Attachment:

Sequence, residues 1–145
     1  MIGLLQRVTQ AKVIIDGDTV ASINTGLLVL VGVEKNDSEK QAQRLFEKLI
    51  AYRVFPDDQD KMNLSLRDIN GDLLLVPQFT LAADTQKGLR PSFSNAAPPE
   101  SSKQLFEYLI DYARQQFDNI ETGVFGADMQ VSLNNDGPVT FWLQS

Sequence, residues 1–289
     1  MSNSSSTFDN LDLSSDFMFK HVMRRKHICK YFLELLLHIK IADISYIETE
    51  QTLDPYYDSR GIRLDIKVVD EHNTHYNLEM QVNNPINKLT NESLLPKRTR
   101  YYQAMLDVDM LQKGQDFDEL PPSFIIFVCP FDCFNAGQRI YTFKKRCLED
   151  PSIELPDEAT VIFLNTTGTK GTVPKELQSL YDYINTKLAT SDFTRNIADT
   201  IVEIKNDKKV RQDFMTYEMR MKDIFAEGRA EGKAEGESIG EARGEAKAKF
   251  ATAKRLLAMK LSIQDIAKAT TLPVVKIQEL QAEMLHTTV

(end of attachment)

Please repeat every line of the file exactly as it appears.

Sequence, residues 1–145
     1  MIGLLQRVTQ AKVIIDGDTV ASINTGLLVL VGVEKNDSEK QAQRLFEKLI
    51  AYRVFPDDQD KMNLSLRDIN GDLLLVPQFT LAADTQKGLR PSFSNAAPPE
   101  SSKQLFEYLI DYARQQFDNI ETGVFGADMQ VSLNNDGPVT FWLQS

Sequence, residues 1–289
     1  MSNSSSTFDN LDLSSDFMFK HVMRRKHICK YFLELLLHIK IADISYIETE
    51  QTLDPYYDSR GIRLDIKVVD EHNTHYNLEM QVNNPINKLT NESLLPKRTR
   101  YYQAMLDVDM LQKGQDFDEL PPSFIIFVCP FDCFNAGQRI YTFKKRCLED
   151  PSIELPDEAT VIFLNTTGTK GTVPKELQSL YDYINTKLAT SDFTRNIADT
   201  IVEIKNDKKV RQDFMTYEMR MKDIFAEGRA EGKAEGESIG EARGEAKAKF
   251  ATAKRLLAMK LSIQDIAKAT TLPVVKIQEL QAEMLHTTV